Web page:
The best actors, particularly classic Shakespearian actors, are experts at vocal expression. With prosodic inflection, change of voice quality, and non-textual utterances, they communicate emotion, emphasize ideas, create drama, and form a complementary language which works with the text to tell the story in the script. To begin to study selected elements of vocal expression in acted speech, corpora were curated from male actors' Hamlet and female actresses' Lady Macbeth soliloquy performances. L1 speakers of American English on Mechanical Turk listened to excerpts from the corpora, and provided descriptions of the speaker's vocal expression. In this exploratory, open-ended, mixed-methods study, approximately 60% of all responses described emotion, and the remainder of responses split evenly between voice quality (including effort levels) and prosody. Also, significant differences were found in the kind and quantity of descriptors applied to male and female speech. Perception-grounded male and female acoustic feature sets which tracked the actors' expressive effort levels through the continuum of whispered, breathy, modal, and resonant speech are presented and validated via multiple models. The best results in applying these features to simple, un-optimized, four-way decision tree classifiers yielded 76% accuracy for male and 73% accuracy for female expressive, acted speech.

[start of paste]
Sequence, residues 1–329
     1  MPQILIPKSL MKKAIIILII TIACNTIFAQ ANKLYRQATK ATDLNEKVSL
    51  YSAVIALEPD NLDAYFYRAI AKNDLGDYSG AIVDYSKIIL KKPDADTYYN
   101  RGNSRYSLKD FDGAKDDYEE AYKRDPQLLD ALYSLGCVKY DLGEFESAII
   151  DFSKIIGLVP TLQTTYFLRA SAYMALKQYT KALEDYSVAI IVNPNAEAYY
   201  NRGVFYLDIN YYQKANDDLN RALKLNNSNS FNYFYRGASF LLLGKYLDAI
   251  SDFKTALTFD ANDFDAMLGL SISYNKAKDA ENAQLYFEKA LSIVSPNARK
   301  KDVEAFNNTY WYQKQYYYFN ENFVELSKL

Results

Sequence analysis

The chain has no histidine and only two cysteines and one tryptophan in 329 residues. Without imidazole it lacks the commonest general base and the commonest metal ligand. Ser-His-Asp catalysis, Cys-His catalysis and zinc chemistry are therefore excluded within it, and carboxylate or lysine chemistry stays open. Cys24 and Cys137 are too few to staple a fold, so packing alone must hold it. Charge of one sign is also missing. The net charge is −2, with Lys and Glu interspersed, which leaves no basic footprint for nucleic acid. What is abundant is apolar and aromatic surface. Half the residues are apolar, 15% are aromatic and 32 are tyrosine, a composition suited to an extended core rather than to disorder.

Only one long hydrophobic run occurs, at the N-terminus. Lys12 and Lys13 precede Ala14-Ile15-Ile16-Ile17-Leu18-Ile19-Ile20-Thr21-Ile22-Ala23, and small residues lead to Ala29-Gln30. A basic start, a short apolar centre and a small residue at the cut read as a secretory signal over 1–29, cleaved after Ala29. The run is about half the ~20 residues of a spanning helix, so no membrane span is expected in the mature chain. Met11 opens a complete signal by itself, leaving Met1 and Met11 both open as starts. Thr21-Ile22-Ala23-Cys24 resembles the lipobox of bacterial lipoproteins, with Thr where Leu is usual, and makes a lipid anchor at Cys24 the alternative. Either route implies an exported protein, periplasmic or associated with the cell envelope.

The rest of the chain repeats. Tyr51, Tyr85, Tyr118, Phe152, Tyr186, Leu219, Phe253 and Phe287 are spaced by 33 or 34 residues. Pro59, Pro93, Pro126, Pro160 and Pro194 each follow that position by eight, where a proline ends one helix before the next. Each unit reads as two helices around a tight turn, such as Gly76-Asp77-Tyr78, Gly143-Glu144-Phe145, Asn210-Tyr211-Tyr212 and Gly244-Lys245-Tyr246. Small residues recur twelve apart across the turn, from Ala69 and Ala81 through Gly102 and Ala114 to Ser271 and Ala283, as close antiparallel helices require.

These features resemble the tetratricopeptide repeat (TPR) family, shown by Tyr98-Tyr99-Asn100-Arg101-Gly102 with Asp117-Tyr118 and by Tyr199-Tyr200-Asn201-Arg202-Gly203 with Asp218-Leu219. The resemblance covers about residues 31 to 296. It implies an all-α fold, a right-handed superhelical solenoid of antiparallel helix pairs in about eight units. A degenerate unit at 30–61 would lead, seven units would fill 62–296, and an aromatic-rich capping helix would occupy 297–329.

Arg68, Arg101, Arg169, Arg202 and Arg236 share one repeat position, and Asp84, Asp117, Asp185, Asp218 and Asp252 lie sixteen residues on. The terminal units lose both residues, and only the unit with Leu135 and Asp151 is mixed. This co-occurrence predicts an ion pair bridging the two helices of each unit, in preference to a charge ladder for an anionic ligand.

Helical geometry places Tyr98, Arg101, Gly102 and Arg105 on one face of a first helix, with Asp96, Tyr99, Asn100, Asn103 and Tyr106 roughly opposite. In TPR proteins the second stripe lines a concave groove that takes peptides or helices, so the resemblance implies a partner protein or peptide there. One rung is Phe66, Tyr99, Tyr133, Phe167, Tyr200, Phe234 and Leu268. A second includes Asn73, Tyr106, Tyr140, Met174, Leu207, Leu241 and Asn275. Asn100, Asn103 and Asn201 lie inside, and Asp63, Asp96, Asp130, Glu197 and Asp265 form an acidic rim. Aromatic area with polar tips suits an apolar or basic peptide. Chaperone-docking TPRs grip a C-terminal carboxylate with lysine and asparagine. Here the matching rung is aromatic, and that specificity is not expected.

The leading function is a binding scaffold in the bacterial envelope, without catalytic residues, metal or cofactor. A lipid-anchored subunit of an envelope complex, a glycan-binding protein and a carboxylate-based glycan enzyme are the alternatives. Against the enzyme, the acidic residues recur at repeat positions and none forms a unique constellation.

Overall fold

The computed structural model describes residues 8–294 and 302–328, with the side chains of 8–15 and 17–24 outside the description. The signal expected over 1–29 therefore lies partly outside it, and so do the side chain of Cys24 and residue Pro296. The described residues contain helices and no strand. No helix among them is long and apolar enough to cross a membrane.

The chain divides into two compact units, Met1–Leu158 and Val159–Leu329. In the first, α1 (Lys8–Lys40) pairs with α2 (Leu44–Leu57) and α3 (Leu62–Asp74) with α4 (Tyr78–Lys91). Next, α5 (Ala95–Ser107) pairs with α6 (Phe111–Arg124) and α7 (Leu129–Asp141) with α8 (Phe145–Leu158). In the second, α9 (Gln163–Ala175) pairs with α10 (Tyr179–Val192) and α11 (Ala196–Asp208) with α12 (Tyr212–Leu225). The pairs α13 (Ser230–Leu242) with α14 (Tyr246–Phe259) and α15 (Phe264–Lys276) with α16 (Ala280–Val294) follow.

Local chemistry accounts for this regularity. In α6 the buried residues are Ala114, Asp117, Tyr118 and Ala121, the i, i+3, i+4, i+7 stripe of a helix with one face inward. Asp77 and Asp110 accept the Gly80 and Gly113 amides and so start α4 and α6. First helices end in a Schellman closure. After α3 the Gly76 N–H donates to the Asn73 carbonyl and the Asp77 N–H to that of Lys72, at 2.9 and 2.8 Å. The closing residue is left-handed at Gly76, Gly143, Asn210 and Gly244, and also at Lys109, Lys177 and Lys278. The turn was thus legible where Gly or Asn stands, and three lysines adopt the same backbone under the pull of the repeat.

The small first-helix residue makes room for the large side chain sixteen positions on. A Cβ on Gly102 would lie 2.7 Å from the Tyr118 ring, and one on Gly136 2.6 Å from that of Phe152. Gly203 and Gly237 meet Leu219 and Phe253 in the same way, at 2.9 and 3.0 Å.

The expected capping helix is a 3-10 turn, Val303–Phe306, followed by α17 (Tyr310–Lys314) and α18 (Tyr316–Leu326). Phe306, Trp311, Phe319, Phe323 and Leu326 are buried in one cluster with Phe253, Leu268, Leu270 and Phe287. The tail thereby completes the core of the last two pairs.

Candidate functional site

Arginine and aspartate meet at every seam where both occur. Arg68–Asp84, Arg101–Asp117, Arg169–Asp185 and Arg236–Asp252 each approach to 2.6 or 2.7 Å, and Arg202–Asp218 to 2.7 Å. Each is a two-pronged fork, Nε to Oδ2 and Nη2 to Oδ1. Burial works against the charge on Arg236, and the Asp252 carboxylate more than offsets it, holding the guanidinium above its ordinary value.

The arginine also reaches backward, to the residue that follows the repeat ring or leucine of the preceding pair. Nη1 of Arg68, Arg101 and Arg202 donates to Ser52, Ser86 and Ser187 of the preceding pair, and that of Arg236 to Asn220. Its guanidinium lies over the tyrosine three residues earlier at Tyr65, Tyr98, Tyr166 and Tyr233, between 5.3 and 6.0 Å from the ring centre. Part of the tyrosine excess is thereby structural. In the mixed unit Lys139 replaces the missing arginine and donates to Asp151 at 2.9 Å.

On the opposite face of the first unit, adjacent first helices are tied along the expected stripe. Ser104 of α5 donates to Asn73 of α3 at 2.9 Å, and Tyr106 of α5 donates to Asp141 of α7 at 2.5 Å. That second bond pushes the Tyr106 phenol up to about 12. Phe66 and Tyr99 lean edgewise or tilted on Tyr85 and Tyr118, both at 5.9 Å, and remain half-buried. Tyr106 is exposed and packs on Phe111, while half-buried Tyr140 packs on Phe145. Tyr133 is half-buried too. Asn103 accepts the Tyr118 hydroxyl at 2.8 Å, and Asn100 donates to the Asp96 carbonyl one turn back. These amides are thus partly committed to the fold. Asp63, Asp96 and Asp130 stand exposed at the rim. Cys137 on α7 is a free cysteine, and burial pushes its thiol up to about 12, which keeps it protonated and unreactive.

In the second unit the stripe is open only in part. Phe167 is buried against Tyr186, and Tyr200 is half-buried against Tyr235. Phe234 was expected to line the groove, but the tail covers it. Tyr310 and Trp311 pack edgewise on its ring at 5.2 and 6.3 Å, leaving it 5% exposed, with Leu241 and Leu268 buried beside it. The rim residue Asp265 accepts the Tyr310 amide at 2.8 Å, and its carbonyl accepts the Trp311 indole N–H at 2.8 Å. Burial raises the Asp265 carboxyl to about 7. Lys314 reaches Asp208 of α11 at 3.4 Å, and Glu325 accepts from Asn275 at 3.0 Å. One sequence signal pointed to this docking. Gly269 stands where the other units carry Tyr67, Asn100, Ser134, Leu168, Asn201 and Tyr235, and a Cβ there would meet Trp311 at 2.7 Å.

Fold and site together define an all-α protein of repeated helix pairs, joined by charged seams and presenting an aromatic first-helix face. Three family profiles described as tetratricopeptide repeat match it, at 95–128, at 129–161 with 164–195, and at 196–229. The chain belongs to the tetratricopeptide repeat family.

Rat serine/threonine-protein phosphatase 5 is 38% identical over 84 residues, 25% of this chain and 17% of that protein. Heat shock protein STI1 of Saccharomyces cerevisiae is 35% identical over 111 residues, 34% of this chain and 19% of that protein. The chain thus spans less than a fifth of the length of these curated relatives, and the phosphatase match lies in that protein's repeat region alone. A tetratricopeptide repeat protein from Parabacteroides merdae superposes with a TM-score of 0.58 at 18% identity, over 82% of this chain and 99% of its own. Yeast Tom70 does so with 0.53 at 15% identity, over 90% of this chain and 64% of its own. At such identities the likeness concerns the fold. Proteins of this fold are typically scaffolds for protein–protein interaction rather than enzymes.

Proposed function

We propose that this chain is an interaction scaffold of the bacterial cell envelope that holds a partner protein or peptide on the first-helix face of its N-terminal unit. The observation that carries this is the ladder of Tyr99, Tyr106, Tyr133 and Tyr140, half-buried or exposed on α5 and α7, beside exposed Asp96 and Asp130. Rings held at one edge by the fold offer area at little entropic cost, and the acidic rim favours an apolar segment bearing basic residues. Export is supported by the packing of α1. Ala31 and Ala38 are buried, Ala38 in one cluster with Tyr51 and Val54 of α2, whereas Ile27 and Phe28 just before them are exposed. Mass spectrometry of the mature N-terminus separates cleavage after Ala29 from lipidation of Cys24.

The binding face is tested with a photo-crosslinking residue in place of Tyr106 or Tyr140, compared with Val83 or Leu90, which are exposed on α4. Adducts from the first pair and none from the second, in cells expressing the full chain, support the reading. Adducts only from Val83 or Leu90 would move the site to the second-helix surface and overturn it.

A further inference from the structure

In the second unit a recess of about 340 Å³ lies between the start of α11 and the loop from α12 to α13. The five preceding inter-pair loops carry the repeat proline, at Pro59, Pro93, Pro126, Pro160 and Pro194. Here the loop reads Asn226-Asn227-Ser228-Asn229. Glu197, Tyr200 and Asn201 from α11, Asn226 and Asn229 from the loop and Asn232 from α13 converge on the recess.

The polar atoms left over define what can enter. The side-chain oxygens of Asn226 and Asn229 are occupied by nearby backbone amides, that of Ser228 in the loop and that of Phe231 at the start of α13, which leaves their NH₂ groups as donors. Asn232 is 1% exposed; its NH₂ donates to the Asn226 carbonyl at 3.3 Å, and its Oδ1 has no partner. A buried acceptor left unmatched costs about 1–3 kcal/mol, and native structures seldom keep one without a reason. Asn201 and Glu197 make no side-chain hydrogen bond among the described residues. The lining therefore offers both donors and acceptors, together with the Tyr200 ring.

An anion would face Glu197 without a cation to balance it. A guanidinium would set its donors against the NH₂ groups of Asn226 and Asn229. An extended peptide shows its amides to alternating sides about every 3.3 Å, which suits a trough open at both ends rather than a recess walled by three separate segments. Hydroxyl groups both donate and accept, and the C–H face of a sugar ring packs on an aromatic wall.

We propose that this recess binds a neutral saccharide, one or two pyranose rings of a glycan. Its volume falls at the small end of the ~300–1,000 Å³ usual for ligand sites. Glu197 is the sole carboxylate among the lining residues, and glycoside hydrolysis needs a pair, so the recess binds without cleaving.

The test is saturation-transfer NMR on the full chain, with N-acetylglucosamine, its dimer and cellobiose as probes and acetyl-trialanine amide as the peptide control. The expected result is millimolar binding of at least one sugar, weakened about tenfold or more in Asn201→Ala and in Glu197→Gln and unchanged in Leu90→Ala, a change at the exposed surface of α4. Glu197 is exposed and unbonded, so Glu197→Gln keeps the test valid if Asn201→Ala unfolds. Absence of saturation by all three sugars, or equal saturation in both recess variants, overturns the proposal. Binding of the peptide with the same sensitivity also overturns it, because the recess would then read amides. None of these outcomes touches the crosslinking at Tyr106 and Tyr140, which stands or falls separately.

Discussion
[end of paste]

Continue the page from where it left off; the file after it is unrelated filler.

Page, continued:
Original languageEnglish (US)
Pages (from-to)792-811
Number of pages20
JournalJournal of the Acoustical Society of America
Issue number2
StatePublished - Aug 1 2017

ASJC Scopus subject areas

  • Arts and Humanities (miscellaneous)
  • Acoustics and Ultrasonics


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